The same film project shared the experiences of Vincent Ssonko, an organic pineapple farmer in Uganda. (Watch the video at the top of the page.)

“The main benefit I’ve had from organic agriculture is an increase in income. I’ve been able to educate my children, and I’ve also been able to harvest enough food to feed my family.”

“The main benefit I’ve had from organic agriculture is an increase in income. I’ve been able to educate my children, and I’ve also been able to harvest enough food to feed my family,” Ssonko said.

The UNEP-UNCTAD report revealed that an average pineapple worth perhaps 200 Ugandan shillings (about 8 cents U.S.) in a local market can fetch 600 from an exporter who will package it and ship it to Europe. And exporters like Biofresh also produce good, steady jobs for Ugandans while promoting education and further development of organic farming.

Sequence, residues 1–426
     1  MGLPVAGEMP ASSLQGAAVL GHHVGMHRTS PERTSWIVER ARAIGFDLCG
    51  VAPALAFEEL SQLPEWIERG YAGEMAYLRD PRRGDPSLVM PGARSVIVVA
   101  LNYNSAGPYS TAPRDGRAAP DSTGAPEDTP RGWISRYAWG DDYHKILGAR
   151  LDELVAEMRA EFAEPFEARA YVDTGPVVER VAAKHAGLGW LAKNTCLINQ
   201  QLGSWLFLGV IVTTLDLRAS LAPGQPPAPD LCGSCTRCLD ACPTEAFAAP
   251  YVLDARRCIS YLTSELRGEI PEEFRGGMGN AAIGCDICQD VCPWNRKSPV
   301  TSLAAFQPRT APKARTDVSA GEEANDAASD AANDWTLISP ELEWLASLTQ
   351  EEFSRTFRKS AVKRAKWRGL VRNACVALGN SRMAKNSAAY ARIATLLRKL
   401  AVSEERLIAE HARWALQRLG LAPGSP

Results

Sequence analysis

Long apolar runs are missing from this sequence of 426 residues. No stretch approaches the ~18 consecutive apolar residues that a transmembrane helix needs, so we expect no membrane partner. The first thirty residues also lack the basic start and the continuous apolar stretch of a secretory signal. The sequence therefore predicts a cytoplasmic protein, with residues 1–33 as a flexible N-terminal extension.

Not all of Uganda’s organic products are shipped overseas. NOGAMU runs a shop and a delivery service in the capital city to supply a modest but growing demand from local homes and hotels. Local organic favorites include staple foods like matooke (steamed bananas), millet, cassava, local vegetables, fruits, and juices, and livestock products including eggs.

Greener agriculture is benefiting Uganda’s environment as well as the economy, important in a nation known for natural wonders like the famed mountain gorillas. Conventional farms can emit an additional two-thirds as much greenhouse gas, spray pesticides which are dangerous to farm families, and use synthetic fertilizers that foul aquatic ecosystems.